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Helping Homeowners Build, Remodel & Restore their Homes After Storm Sandy privately & RREM, HMGP & other Programs


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Dream Homes / Atlantic Northeast Construction Nearly Famous Blog – Stop Getting Ripped Off from Contractors & Good Payment Practices – 4-12-15

Dream Homes Ltd.

Atlantic Northeast Construction LLC

Nearly Famous Rebuilding Blog –

4-12-15

Hello Sandsters –

Hope all is well.

Today we’ll review a subject which rears its ugly head on a constant basis, and that is how to pay your builder and avoid being ripped off.

This may be a painful subject for some Sandsters, especially if you are having trouble with your contractor and are wondering what to do to move forward (or God forbid, have been ripped off already and are not in a happy place), but nonetheless it is a topic that needs to be discussed regularly.

Today’s post is not necessarily about the delays in RREM payment and the problems that may cause with your contractor if they cannot move forward until receiving payment, although that is a constantly recurring valid concern. Rather, this post is about how exactly you should tender funds, whether you’ve received them from RREM, insurance or ICC, or you are working with your own funds. It’s about the protocol and the discipline of monitoring a project, as opposed to the details regarding where the money is coming from.

As a general rule, smart Sandsters pay for work in place and do not give (large) deposits on work to be done in the future, with certain limited exceptions. Like many rules, there is a vast amount of flexibility here. Common sense is essential in order to effectively protect your interests, and still keep your project moving forward.

Paying for work in place, that has been inspected by either/both you and the township inspector, is a generally accepted best practice in building and contracting since the beginning of recorded time.

As an additional note, in all commercial and professional residential construction (as opposed to mom & pop non-professional operations, which constitute about 85% of all residential construction work), and for the safest strictest payment behavior, lien waivers should be procured from your builder at each invoice or draw request so you can verify that all subcontractors and material suppliers have been paid on an ongoing basis. This item is required for RREM at the end of your project and is not generally something you should have to deal with through the project.

In any case, if your builder is asking for deposits ahead of work in place, you should meet the following conditions or take the actions I list here.

  1. You must specifically determine what these advance funds will be used for, before making any significant payment ahead of completed work.

2. You must absolutely know and trust your builder, their work and their reputation.

3. You should think carefully before you expend any amount greater than 10% of your project cost at any single time, for work already in place.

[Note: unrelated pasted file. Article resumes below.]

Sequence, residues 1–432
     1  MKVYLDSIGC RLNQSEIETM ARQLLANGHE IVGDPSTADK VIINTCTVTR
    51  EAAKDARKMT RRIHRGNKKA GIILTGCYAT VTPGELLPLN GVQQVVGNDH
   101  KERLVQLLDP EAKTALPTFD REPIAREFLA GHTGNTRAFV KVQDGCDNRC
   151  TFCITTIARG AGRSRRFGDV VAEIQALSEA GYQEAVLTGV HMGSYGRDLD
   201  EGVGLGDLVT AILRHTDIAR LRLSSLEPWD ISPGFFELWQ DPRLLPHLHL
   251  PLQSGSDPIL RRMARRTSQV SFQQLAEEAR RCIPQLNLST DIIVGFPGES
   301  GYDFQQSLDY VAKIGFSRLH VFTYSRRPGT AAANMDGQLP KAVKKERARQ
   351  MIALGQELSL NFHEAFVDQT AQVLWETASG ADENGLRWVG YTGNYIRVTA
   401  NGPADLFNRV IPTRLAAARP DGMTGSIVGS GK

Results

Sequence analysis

4. Thou Shalt Not Rush and Maketh Decisions in Haste When It is Not Necessary.

5. You should get at least one other qualified individual in your life to tell you (in writing, whether email, text or letter) that you should proceed. That person can be your spouse if they are capable of dispassionate analysis (and you are comfortable with the possibility of separation or divorce), your attorney, another builder you know, or an architect or engineer. If you cannot find someone qualified who will put their advice in writing, you are probably making a mistake.

6. You should definitely not tender advance payment to out of state contractors. Your recourse is limited to actions you can take against their NJ subsidiaries. Specifically, and most strenuously, avoid dealing with any company from Louisiana.

7. If all else fails, and you are still perplexed, you should do a little legwork and check with the township, Better Business Bureau, and the Departments of Community Affairs and consumer fraud. Contractors who are consistently illegitimate do not last long in NJ. We’re a vocal bunch of Sandsters and spread bad news far and wide.

Chances are, if you follow these simple rules, you won’t make too grievous of an error. If you are in doubt and have no one else, use me as your Phone – A – Friend and I will talk you away from the Paying Ahead Ledge.

However, as with any simple set of rules or protocols, there are many exceptions.

  1. When you sign your contract, you should expect to pay between 5% – 10% of the total project cost. We sign contracts with clients for $1000 if they are waiting for money, but generally it’s $5000 – $15,000.

That is not unreasonable, because you have probably been working with your builder for a number of months and developed some type of relationship. There is a legitimate cost to starting design work, ordering and securing contractors and material, and gearing up and staging a project. If you are (accidentally) dealing with someone who is unscrupulous and is going to steal $5,000 – $10,000, the chances are that with a little due diligence you will have determined that before signing a contract.